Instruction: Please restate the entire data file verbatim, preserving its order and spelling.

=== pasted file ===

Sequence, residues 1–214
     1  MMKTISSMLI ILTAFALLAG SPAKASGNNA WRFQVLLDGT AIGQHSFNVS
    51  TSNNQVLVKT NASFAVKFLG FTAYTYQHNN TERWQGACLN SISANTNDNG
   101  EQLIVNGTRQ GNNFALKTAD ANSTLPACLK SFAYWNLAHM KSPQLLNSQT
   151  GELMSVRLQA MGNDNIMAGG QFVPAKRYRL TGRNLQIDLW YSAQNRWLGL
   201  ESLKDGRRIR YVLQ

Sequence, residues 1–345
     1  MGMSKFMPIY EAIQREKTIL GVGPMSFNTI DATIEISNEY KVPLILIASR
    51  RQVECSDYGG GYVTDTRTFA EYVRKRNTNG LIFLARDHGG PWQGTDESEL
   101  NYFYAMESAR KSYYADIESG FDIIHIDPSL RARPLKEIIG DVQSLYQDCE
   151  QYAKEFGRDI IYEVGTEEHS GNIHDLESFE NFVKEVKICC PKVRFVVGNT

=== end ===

Sequence, residues 1–214
     1  MMKTISSMLI ILTAFALLAG SPAKASGNNA WRFQVLLDGT AIGQHSFNVS
    51  TSNNQVLVKT NASFAVKFLG FTAYTYQHNN TERWQGACLN SISANTNDNG
   101  EQLIVNGTRQ GNNFALKTAD ANSTLPACLK SFAYWNLAHM KSPQLLNSQT
   151  GELMSVRLQA MGNDNIMAGG QFVPAKRYRL TGRNLQIDLW YSAQNRWLGL
   201  ESLKDGRRIR YVLQ

Sequence, residues 1–345
     1  MGMSKFMPIY EAIQREKTIL GVGPMSFNTI DATIEISNEY KVPLILIASR
    51  RQVECSDYGG GYVTDTRTFA EYVRKRNTNG LIFLARDHGG PWQGTDESEL
   101  NYFYAMESAR KSYYADIESG FDIIHIDPSL RARPLKEIIG DVQSLYQDCE
   151  QYAKEFGRDI IYEVGTEEHS GNIHDLESFE NFVKEVKICC PKVRFVVGNT